Top industry figures join Mayor to steer future infrastructure

04 November 2014

Senior figures from the public sector and some of the UK’s biggest firms – representing transport, telecoms, new media, energy, the environment, the utility providers, and the building industry - have agreed to join forces with the Mayor of London to help deliver a major programme of investment in London’s infrastructure over the next half century. The Mayor has announced that he will lead the first meeting of his new London Infrastructure Delivery Board at City Hall tomorrow (5 November).

 

The capital is set to exceed its record level of population within a matter of months and the Mayor is already consulting on a plan that outlines the huge amount of new infrastructure required to allow the capital to cope with a population that is forecast to increase by 37 per cent to more than 11 million people by 2050. The agenda for the inaugural meeting will focus on identifying potential barriers to the delivery of new infrastructure and how board members might work together to overcome them. It will be the first time that representatives of all the main infrastructure providers in London have sat down in one room with a brief of supporting a long term plan for investment in the capital.

 

The Mayor of London, Boris Johnson, said: “London is growing at an incredible rate and we need to deliver a huge investment in new homes, schools, water, energy and transport facilities to be able to protect the standard of living that Londoners expect. Our infrastructure delivery board is absolutely key to that work and I am delighted at the many talents it contains. Our board members all play vital roles in the everyday life of our city and will all have a part to play in helping London remain the greatest city in the world.”

 

The London Infrastructure plan being consulted on by the Mayor builds on his campaign for greater fiscal devolution to London and the UK’s other major cities. Devolving locally-raised taxes to cities would allow investment in much-needed local infrastructure and potentially boost the whole of the UK’s economy.

 

If London’s population increases as forecast the Mayor’s London Infrastructure Plan explains how the city will be faced by a series of serious challenges to its infrastructure:

 

  • Demand for public transport is forecast to increase by 50 per cent with increased demand for Underground and rail services likely to increase by 60 and 80 per cent respectively.

 

  • Demand on energy supplies is set to increase by 20 per cent during a period where demand on electricity supplies is forecast to more than double.

 

  • Thames Water projects demand for water will exceed supply by 10 per cent in London by 2025, rising to 21 per cent by 2040.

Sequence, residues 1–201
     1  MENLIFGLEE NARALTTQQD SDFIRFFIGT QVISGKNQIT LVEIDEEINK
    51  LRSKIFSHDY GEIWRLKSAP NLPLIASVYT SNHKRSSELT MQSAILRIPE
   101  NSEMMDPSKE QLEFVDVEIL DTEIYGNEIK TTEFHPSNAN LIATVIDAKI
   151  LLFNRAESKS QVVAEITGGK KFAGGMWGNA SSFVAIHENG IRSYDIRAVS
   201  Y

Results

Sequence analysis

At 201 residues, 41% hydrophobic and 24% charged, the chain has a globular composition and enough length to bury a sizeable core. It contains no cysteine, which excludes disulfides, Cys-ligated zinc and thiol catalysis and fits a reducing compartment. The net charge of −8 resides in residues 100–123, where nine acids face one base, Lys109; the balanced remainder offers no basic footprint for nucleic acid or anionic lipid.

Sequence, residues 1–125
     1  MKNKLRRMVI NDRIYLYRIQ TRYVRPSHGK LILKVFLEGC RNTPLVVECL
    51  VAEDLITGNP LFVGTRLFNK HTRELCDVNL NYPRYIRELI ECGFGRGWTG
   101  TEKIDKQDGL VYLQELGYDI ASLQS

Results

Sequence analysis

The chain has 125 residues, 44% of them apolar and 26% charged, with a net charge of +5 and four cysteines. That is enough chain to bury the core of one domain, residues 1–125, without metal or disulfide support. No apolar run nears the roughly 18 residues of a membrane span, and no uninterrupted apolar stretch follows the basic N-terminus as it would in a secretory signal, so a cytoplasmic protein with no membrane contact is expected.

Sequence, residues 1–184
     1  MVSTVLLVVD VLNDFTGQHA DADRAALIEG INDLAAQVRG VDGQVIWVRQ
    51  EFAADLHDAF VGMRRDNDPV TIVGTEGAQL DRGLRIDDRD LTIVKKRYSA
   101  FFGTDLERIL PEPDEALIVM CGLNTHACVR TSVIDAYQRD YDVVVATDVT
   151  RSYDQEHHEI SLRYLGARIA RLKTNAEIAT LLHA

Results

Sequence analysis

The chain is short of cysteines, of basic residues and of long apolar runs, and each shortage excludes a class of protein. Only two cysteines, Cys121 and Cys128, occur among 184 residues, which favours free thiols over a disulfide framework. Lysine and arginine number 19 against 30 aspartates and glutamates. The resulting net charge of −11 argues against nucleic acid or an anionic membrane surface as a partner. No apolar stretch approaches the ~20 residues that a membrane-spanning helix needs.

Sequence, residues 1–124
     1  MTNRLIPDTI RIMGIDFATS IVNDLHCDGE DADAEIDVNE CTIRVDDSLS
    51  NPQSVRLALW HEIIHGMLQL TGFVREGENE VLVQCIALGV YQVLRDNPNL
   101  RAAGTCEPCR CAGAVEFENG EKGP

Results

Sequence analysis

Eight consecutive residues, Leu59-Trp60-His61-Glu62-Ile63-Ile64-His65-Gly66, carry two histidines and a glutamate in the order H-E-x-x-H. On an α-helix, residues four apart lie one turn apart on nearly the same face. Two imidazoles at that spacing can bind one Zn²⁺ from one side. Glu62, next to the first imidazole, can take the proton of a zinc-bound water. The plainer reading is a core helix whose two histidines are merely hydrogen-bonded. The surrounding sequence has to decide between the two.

• With an increasing school age population more than 600 new schools and colleges need to be provided.

 

  • To meet the demand for housing around 50,000 new homes a year must be provided.

 

  • With Heathrow already operating at 98.5 per cent of its capacity, a new four runway hub airport to the east of London must be provided to meet London’s wider social and economic needs.

 

The Mayor argues that a clear economic rationale underpins the need for a long term infrastructure plan, as rising prosperity for all depends on increased productivity, which itself relies on good infrastructure. However, infrastructure can only be delivered, improved and maintained through the planned, sustained and targeted investment that the new Board will help deliver.

 

The full membership of the London Infrastructure Delivery Board is:

  • Martin Baggs, CEO, Thames Water

 

  • Mark Camley, Executive Director of Park and Venues, London Legacy Development Corporation

 

  • Mark Carne, CEO, Network Rail

 

  • Isabel Dedring, Deputy Mayor of London for Transport

 

  • John Dickie, Director of Strategy, London First

 

  • Sir Philip Dilley, Chairman, Environment Agency

 

  • Dr Emma FitzGerald, CEO UK Gas Distribution, National Grid

 

  • Geoffrey Spence, Chief Executive, Infrastructure UK

 

  • Peter Gerstrom, CEO of Cory Environmental and Deputy Chairman of Environmental Services Association

 

  • Sir Peter Hendy CBE, Commissioner, Transport for London

 

  • Boris Johnson, Mayor of London

 

  • Cllr Claire Kober, Leader of Haringey Council and Infrastructure Lead for London Councils

 

  • Cllr Clyde Loakes, Board member of LWARB, Deputy Leader of Waltham Forest Council and Chair of North London Waste Authority

 

  • Trevor Maginley, Director of Business Development, Cleshar, representing the Civil Engineering Contractors Association

 

  • Harvey McGrath, Deputy Chair London Enterprise Panel

 

  • Tom Mockridge, CEO, Virgin Media

 

  • Dr Nelson Ogunshakin, CEO, Association for Consultancy and Engineering

 

  • Chet Patel, BT Director of London

 

  • Jules Pipe, Mayor of Hackney and Chair of London Councils

 

  • Peter Redfern, CEO, Taylor Wimpey

 

  • Ed Richards, CEO, Ofcom

 

  • Cllr Philippa Roe, Leader, Westminster City Council

 

  • Basil Scarsella, CEO, UK Power Networks

 

Observers

 

  • Maxine Frerk, Interim Senior Partner - Smarter Grids & Governance Distribution, Ofgem

 

  • Simon Markall, Head of Public Affairs, Ofwat

 

Advisors

 

  • Nick Bliss, Partner, Freshfields

 

  • Chris Choa, Principal, AECOM

 

  • Stephen Howlett, CEO, Peabody

 

  • Alexander Jan, Director, Arup

 

  • Sue Kershaw, Director of Rail for Europe, CH2M Hill

 

  • Mike McNicholas, MD, Atkins

 

  • Jason Millett, COO, MACE

 

  • Mathew Riley, Partner, EC Harris

 

  • Ian Shrubsall, National Head of Residential and Infrastructure Planning, GL Hearn